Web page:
Mount Aspiring College leads the way with community engagement
School projects come and go, but Wanaka’s Mt Aspiring College “students in the community” volunteering programme could be a record-setter, not only for its longevity, but its impact on the community.
In the 23 years since it has been part of the Year 13 curriculum, the students have clocked up more than 52,000 hours of voluntary service across all spectrums of the community in the Upper Clutha area.
And the programme’s co-ordinator, Liz Breslin, would love nothing more than other high schools to follow suit, breaking Mt Aspiring College’s exclusivity with the venture.
She has spoken to people from a few schools that are interested, but nothing has come to fruition yet. She wonders why other schools don’t embrace it, given the track record of its success in Wanaka.
The Lottery Grants Board also funds her role, so it’s not a cost imposed on the school.
Every Year 13 student must do at least 25 hours of voluntary service a year. If they do 50 hours or more, they are rewarded with distinction certificates at the school’s annual prize giving.
“It is pretty awesome that this school recognises the volunteering at prize-giving,” says Breslin.
“It’s a prestigious thing, with service right up there with academic and sporting achievements.”
She calls it “mandatory volunteering” but, by all accounts, there is little resistance.
The school has 145 Year 13 students this year. They each choose the community in which they want to volunteer, ranging from working with tots to the elderly, to the environment. They must also decide what difference they want to make, with the only stipulation being that the service is in the Upper Clutha area.
Students not only get autonomy over their choice of paying it forward, but when they donate their hours, and whether they want to do more hours than the minimum.
The idea for “students in the community” originated from a study trip by the school’s former principal, Mike Allison, to the United States, to look at best practice education. He saw the success of school volunteering in action and decided to introduce it in Wanaka.
“He realised that the community wins and the students win, because they get great skills through their volunteer hours,” says Breslin.
“The school also wins because it is offering students other opportunities, and is visible in the community as being a helper and giving back.
“It’s pretty forward-thinking to make a school have a relationship with the community, as well as teach students about their responsibility in the world,” she says.
Breslin says volunteering not only makes it easier for the students to prepare for the outside world, but it’s distinctly different to work experience.
“They get those intangible skills that don’t fit anywhere else in the school curriculum.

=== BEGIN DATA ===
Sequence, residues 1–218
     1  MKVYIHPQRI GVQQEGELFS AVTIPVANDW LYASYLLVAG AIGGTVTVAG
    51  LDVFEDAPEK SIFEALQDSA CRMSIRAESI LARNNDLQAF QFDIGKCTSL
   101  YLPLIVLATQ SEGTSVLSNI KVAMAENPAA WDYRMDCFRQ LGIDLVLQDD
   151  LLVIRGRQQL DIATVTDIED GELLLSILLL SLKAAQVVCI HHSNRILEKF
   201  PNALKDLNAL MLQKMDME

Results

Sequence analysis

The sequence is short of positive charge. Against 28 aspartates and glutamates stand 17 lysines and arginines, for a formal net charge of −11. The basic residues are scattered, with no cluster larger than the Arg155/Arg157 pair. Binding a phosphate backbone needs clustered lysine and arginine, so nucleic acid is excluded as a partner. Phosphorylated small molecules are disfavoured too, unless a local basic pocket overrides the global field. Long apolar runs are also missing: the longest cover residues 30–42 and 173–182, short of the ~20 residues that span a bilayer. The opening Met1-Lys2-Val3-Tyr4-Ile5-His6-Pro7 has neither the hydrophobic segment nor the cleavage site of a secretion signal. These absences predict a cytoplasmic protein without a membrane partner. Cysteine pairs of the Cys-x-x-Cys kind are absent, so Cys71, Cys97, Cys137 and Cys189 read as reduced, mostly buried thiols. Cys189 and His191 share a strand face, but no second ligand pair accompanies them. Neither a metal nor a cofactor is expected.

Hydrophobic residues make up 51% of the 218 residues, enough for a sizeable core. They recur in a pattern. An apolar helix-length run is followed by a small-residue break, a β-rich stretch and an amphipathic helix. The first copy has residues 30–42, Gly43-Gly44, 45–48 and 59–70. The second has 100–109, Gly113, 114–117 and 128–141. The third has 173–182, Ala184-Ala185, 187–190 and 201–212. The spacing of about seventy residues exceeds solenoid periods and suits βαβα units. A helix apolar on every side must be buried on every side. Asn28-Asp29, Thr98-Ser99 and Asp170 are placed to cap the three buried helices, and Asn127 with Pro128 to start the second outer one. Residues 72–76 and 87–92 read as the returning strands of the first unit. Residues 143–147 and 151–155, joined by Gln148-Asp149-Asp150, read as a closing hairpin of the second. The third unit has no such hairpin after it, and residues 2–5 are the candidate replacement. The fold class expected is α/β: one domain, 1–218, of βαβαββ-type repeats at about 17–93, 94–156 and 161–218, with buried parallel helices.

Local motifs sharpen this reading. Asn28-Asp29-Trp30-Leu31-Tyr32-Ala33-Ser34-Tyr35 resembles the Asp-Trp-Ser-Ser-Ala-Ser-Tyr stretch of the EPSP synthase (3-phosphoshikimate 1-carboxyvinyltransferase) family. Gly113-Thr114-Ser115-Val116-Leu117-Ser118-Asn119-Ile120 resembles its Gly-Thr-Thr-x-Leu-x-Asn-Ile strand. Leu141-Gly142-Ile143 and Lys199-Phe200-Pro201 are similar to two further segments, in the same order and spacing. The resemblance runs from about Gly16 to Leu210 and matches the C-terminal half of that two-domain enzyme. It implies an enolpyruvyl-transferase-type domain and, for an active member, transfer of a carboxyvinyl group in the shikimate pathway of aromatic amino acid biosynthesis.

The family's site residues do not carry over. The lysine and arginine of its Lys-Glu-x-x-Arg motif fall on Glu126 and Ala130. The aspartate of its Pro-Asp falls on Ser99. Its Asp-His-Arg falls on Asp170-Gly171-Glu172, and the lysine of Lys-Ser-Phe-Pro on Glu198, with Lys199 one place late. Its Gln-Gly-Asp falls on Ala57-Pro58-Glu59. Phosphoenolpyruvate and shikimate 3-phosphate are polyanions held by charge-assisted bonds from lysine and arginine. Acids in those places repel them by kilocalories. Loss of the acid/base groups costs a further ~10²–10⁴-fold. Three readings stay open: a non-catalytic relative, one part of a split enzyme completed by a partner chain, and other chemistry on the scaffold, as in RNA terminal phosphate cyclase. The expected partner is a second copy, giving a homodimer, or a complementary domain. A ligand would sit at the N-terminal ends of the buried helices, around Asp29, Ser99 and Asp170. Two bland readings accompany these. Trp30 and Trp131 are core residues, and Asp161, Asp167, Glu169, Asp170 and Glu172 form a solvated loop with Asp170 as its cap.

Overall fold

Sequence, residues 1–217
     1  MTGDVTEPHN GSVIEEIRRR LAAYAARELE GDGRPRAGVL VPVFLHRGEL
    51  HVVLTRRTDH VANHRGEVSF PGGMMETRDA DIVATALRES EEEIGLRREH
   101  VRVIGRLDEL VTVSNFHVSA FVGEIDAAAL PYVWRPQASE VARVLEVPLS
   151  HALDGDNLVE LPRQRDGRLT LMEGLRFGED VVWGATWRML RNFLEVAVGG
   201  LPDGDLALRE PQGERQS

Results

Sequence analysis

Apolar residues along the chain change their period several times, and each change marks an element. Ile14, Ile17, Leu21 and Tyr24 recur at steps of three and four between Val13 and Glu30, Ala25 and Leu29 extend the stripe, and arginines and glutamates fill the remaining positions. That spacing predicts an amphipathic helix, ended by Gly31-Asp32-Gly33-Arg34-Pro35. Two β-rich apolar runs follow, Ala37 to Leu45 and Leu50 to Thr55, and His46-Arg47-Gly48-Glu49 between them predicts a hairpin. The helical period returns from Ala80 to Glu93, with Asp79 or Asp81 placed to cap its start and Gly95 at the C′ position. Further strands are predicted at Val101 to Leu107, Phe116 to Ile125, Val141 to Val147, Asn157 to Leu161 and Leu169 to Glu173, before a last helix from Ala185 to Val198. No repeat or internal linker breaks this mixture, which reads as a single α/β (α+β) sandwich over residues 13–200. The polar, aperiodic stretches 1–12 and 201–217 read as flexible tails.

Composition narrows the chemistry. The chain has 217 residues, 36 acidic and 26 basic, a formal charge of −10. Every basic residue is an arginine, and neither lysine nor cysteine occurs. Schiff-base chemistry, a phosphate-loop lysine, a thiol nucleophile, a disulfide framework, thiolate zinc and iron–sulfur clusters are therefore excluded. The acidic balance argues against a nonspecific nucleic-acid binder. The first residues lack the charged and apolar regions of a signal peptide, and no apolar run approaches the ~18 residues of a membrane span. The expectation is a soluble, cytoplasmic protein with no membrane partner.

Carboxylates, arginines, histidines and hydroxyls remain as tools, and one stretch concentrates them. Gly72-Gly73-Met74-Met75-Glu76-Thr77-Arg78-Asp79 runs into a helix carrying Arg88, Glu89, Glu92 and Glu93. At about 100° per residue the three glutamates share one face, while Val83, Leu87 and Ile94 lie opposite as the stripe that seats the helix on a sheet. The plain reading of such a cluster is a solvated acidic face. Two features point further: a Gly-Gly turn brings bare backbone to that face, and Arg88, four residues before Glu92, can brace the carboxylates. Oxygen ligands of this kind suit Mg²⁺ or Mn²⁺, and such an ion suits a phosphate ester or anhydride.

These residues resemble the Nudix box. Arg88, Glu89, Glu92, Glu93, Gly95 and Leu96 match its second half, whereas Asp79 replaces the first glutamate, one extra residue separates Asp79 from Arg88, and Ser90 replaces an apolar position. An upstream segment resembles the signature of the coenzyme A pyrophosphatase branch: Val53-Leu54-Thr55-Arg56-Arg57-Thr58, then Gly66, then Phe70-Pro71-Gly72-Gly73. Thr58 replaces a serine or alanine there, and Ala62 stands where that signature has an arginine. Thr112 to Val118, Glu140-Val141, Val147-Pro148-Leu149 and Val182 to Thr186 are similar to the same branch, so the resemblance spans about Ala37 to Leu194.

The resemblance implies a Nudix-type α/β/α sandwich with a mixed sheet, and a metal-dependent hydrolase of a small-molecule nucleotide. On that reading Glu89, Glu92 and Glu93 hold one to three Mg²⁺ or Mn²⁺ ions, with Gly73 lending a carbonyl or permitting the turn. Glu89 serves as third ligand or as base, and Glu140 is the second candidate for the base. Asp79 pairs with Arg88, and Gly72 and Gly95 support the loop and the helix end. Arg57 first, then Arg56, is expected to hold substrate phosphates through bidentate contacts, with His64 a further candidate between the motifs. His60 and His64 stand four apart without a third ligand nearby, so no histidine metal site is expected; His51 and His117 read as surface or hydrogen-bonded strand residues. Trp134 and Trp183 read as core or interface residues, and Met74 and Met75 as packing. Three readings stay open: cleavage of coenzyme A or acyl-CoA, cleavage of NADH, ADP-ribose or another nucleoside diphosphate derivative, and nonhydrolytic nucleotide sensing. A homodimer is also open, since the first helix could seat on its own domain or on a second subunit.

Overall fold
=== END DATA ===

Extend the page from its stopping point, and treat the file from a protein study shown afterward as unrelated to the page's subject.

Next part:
“It also strengthens their intergenerational understanding.”
And, as one student on the school video says: “It looks good on the CV.”
Students do their chosen volunteer project outside classroom hours - during study periods or in school lunch hours.
Breslin says the Upper Clutha has always been receptive to the students, because they are part of a wider network of volunteers, similar to networks in other small New Zealand communities.
“That’s how we get things done here and it’s good the students are mindful they have to take this sort of work on.”
“I think there are a great deal of people who volunteer and don’t even realise they are doing so.
“Every year I have students coming to me and saying they are going to coach something like netball, but they don’t think that counts towards their hours.
“Why wouldn’t it count? They are voluntarily using their time to make the community a better place.
“This programme is pretty much about the stories they tell about volunteering, and they are, on so many levels,” says Breslin.
“This year there will be 145 individual stories as each student records their hours and what they have done. It is pretty colourful.”
Mt Aspiring College has a website explaining the programme, including a video that illustrates the type of service the students do, be it a club for young girls, teaching elderly at a retirement village how to use their computers and send emails, coaching a sports team, teaching the haka at the Holy Family Catholic School in Wanaka, encouraging special needs children to play music, planting native vegetation, cleaning up public places, helping at public events, or sorting books at the local library.
Principal Wayne Bosley says the programme has gone from strength to strength since its inception. He says it’s a “fantastic extra” that allows students to be interactive in the community and for students to be seen in a different light.
“It adds to our bigger picture of producing good people. The holistic attitude or response to learning is really important to us.
“The benefit to the community is that it sees 17-18 year-olds in a much more positive all round light.”
Bosley says, for the students, it’s about realising it’s not all about themselves, about interacting with old and young people, and knowing that they have a place and a responsibility towards their wider community.
“If we can instil that in them, they are going to be a valuable member of any community.” #
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